Friday, March 20, 2009

more about the word "marriage"

Robin Edgar makes some great arguments in a comment to an earlier post (see "what's in a name?" below) about whether gays and lesbians are following a failed strategy in insisting on having our relationships labeled as "marriage." Some marriage opponents have said they would be happy to grant us legal recognition and rights under a different name (although more and more this seems to not be true when the opportunity to establish civil union laws actually comes up). Edgar even brings up the UU buzzword issue of cultural misappropriation as an argument to say that the culture has for centuries defined marriage one way and that same-sex couples do not now have the cultural authority to use the word to mean something other than a male husband united with a female wife.

It's an interesting argument but I respectfully disagree.

I face a parallel situation very often in my ministry when I use the word God. As a theist the real existence of God is very important to my spirituality and I speak about God often in my sermons and elsewhere. But when I use the word God I don't mean an omnipotent, omniscient, eternal, supernatural or manipulative old man in the sky. That's the traditional definition of the word God, but that's not how I use the word. I have, on occasion, been accused of being disingenuous. I'm told if that's not what I mean than I should use a different word.

But I reject that position. The word "god" is simply a pointing word that allows me to refer to the thing I want to talk about. The nature of God (whether God is properly characterized by all those things I listed above) is a theology. Although one theology has long been dominant and "traditional," theologians have always felt able to disagree with that theology in whole or part and still use the word God. There are limits to how far you can stretch the word, but the word God comfortably contains quite a number of diverse theologies.

I feel the same is true for the word "marriage." The essential aspect of a marriage is the commitments of two persons to bind their lives together in mutual support. I see a societal aspect of marriage that makes committed couples an asset to the state; a familial aspect of marriage that brings families together and creates strong foundations for future families, and a religious aspect of marriage that puts the couple at the service of the god of love. All of those essential aspects of marriage exist independently of the incidental aspect of the sex of the two persons.

God is still the right word even as we debate the theology that describes God. Marriage is also the right word even as same-sex marriage advocates point out that what had once seemed essential to the definition is actually unjust and unnecessary. Marriage without the restriction of opposite-sex partners is still marriage, just as a process theology God without omnipotence is still God.


Robin Edgar said...

It looks like we're both making some great arguments Ricky. It is genuinely a pleasure debating with you in a genuinely mutually respectful manner and I do hope that you realize that, in making the arguments that I am making here, I am trying to be helpful.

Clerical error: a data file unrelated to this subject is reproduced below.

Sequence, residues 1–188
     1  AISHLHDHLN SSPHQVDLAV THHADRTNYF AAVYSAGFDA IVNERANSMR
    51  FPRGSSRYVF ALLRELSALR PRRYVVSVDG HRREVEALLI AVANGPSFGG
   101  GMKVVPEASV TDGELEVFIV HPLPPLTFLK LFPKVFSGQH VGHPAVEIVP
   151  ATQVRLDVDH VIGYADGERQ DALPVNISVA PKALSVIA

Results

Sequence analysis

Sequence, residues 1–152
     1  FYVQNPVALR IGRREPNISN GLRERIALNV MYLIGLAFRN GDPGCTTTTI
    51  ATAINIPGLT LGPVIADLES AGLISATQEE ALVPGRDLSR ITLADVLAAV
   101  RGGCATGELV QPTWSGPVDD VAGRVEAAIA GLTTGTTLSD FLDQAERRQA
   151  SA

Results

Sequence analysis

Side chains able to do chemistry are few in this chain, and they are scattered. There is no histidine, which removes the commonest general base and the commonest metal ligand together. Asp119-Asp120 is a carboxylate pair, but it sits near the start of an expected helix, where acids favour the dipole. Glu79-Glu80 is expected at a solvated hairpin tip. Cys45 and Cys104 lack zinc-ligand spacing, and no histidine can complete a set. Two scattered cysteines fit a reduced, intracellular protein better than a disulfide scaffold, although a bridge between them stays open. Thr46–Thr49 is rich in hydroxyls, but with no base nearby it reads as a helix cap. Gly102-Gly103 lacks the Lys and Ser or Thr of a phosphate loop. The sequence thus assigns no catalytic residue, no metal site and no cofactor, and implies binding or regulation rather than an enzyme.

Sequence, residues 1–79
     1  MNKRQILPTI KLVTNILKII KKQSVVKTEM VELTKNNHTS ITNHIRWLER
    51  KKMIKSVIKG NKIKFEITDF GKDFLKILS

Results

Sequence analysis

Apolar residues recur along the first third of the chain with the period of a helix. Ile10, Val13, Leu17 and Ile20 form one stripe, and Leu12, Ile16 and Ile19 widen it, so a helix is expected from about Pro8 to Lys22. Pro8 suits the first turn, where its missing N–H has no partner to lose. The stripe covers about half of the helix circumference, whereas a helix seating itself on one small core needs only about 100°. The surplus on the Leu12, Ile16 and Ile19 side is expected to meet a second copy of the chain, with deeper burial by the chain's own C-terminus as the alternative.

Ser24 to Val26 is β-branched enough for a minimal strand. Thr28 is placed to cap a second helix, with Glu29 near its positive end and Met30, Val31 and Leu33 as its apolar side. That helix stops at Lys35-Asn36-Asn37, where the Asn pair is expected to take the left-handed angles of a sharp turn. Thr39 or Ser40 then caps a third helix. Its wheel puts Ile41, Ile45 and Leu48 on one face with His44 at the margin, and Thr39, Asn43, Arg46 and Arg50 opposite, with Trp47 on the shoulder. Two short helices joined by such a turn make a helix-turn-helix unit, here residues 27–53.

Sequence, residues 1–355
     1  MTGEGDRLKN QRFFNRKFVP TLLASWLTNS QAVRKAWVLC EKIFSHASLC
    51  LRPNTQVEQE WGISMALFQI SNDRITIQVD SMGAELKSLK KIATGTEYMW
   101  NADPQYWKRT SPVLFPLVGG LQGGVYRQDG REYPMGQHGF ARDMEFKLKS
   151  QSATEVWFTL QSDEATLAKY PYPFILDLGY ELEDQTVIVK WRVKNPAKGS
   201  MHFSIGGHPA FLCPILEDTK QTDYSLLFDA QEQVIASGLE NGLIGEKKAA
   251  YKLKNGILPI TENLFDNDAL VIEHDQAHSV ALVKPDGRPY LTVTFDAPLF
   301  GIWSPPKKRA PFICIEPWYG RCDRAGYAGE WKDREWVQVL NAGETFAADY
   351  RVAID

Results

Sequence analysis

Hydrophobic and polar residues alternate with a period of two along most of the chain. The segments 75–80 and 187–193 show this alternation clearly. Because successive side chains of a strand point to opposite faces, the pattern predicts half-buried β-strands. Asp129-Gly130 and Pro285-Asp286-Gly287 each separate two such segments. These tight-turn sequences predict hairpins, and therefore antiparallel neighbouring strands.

Best Regards,

Robin Edgar

Anonymous said...

There are all kinds of beds. Flower beds, day beds, procrustian beds as well as the common beds we keep in our bedrooms. Still, if somebody gave me a six paragraph definition of 'bed' that didn't mention 'sleeping', I'd think they were being too cute by half.

Day beds in which no one ever sleeps are still beds, tis true. Still...

The essential aspect of a marriage is the commitments of two persons to bind their lives together in mutual support.

I feel about the same for a six paragraph definition of 'marriage' that never mentions 'children.'

Joel Monka said...

I'm with you this, both about God and marriage, although personally I use "the Divine" to avoid baggage. But with marriage, there is also the issue of thousands of laws and contracts and insurance policies, et al that use the word marriage- to ensure equal legal coverage, you'd have to either use the word marriage for all domestic partnerships, straight or gay, or change all the laws and contracts piecemeal- a difficult proposition.

Bill Baar said...

Thank you very much for pointing out the importantance of what's meant by marriage.

So many UU's argue it's a right, but what UU's call marriage may be something very different than what the rest of the country means by marriage.

You see in marriage ...a religious aspect of marriage that puts the couple at the service of the god of love.

Square this though with can be found about marriage on UU websites:

A Unitarian marriage ceremony, is based on the personal integrity of the participants, rather than on institutional forms. Inclusiveness is highly valued and Unitarian ceremonies strive to honour different religious backgrounds and cultural traditions.

or identical word almost here

We're not talking about marriage as a sacrament e.g. "a rite in which God is uniquely active", while a good many others believe just that. We see marriage as a commitment between participants (only two?). I'm not sure many if not most UUs would see your service towards the God of Love here either.

It explians a lot of the conflict, at least the opposition. It's why so many people can be for civil unions but will vote no on same-sex marriage.

If we'd be a bit clearer on what we mean by marriage instead of making blanket declarations of "rights", I think we'd be far better off reconciling sides. It would be a step towards doing what I think UU's are uniquely qualified to do: reconciling belief with Sharia; showing how one can live a spiritual and sacred life in today's world.